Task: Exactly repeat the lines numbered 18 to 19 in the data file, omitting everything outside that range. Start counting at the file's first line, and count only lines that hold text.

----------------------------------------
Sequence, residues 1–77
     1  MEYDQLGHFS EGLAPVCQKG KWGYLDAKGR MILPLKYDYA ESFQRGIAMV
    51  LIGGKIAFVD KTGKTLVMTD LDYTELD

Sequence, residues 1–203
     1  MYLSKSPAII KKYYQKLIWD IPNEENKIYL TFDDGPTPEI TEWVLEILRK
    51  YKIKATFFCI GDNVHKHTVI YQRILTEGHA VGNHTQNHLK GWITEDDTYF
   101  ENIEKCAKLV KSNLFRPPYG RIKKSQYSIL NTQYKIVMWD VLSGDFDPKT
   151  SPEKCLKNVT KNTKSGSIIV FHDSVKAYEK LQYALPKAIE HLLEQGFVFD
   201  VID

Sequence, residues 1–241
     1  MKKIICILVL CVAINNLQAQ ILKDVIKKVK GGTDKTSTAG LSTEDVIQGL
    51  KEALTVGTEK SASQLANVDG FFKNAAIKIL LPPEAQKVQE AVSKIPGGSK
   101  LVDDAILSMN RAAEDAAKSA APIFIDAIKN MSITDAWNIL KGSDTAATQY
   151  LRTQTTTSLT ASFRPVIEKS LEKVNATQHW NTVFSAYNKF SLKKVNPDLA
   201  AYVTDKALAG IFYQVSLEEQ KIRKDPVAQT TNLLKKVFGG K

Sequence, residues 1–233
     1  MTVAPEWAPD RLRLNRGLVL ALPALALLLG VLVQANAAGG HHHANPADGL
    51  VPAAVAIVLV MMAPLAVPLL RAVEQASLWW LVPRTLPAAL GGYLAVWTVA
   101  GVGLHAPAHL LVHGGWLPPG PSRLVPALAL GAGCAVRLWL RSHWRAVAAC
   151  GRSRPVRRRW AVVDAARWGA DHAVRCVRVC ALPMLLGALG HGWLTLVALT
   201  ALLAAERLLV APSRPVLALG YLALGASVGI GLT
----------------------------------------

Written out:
    51  VPAAVAIVLV MMAPLAVPLL RAVEQASLWW LVPRTLPAAL GGYLAVWTVA
   101  GVGLHAPAHL LVHGGWLPPG PSRLVPALAL GAGCAVRLWL RSHWRAVAAC